A SHORTCUT IN TIME
Tor Forge / 304 pages / December 2002
Charles Dickinson’s most recent novel, The Widow’s Adventures has been optioned by no less a studio than TriStar, so you could reasonably expect his next project to be awaited eagerly. Well, it’s been a long ten year wait for that next novel; their reactions to A Shortcut In Time will be interesting to see. Will it prove too genre for mainstream fans or, perhaps, too mainstream for genre fans? From whatever background you approach it, Dickinson’s tale of human frailty and temperamental time-travel is a treasure — so, I’ll tell you it’s really…(whatever is most likely to get you to snap up a copy)…
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Josh Winkler is an excellent example of the characters that make Dickinson’s fiction so compelling. Josh calls himself an artist, but his main project is wasting time. That bit of the story may cut a little to close for anyone trying to make it in the arts as they find any interruption more important than the work, itself. It’s a common weakness, and sometimes weaknesses are the very things that human beings can most empathise with, even if it’s an uncomfortable feeling. Those little, too-true characteristics bring a huge dose of credility and immediacy to the story. Josh is uneasy with his existence, but who hasn’t been at some point?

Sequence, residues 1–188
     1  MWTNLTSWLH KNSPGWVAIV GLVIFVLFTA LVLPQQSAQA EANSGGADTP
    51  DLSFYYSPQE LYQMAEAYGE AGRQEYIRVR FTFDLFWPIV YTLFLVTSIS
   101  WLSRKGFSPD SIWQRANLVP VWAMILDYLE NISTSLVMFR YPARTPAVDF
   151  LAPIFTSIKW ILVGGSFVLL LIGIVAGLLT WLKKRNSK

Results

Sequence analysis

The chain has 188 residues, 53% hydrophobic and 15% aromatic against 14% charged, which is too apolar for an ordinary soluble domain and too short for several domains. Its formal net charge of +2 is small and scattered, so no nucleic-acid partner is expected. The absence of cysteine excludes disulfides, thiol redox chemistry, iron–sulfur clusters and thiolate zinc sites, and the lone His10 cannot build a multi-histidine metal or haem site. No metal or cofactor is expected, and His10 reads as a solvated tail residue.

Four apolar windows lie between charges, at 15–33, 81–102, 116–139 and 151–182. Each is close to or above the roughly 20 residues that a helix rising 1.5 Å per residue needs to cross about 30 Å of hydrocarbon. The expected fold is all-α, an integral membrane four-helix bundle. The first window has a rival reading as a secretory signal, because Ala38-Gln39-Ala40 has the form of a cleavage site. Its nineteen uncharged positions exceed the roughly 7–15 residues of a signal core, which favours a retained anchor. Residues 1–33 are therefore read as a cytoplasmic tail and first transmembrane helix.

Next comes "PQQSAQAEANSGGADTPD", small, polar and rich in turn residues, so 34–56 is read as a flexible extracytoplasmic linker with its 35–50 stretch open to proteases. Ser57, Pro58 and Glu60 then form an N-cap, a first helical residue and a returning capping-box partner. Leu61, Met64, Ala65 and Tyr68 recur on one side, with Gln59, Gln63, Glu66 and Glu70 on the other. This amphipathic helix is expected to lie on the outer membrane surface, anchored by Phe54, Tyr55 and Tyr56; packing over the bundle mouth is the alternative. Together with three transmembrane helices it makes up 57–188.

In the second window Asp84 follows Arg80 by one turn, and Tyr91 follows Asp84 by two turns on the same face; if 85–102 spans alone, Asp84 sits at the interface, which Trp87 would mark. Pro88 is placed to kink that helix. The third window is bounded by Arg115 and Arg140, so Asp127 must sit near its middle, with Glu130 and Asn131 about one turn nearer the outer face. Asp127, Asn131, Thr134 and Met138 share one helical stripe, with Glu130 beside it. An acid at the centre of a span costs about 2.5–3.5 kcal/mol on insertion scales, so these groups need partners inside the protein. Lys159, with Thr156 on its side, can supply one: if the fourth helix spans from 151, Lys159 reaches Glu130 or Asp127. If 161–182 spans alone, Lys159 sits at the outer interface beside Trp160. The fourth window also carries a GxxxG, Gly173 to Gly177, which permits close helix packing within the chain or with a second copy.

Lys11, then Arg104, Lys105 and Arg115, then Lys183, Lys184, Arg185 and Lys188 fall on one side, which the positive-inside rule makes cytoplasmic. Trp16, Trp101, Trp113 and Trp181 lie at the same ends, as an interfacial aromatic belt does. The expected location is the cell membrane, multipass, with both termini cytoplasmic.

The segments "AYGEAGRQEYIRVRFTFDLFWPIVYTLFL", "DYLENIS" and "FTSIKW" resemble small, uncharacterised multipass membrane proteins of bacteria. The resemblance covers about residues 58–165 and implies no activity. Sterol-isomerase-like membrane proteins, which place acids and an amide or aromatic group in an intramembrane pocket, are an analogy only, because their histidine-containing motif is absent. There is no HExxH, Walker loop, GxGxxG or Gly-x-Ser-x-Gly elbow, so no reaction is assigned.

That Josh should be the first person to confess to being taken for a ride on the time mangling footpaths of Euclid, Illinois, is one of those cruel practical jokes fate plays on people. Take the flakiest, least respected member of the community and make him the messenger for an unbelievable secret; of course, that guarantees that even his own family will doubt his story — maybe even especially his own family, in this case. But, it is his own family that has the most to fear from these supposed portals. Now, he must find a way to fine-tune the course of events to avoid personal tragedy without completely rewriting the history we know. The one we know right now, that is.
Forget the fact that Dickinson was an O. Henry Award winner; no such easily aped twist endings appear in A Shortcut In Time. The resolution that finds Josh is altogether more complex and more unsettling than any Gift-of-the-Magi “holy shit!” The positive and the negative are not surgical clean-cut — just like the situations we face and are forced to accept in every day life.
That’s right. Time travel may be the engine that powers this novel, but the lingering impression is one of stark reality, lived through a cast of characters that breathe and feel and make mistakes. Most non-fiction and mainstream literary fiction never comes close to this unflinching examination of the choices we face. Or the factors that are beyond our control. We all suffer mis-steps, but Dickinson can never count A Shortcut In Time as one of his.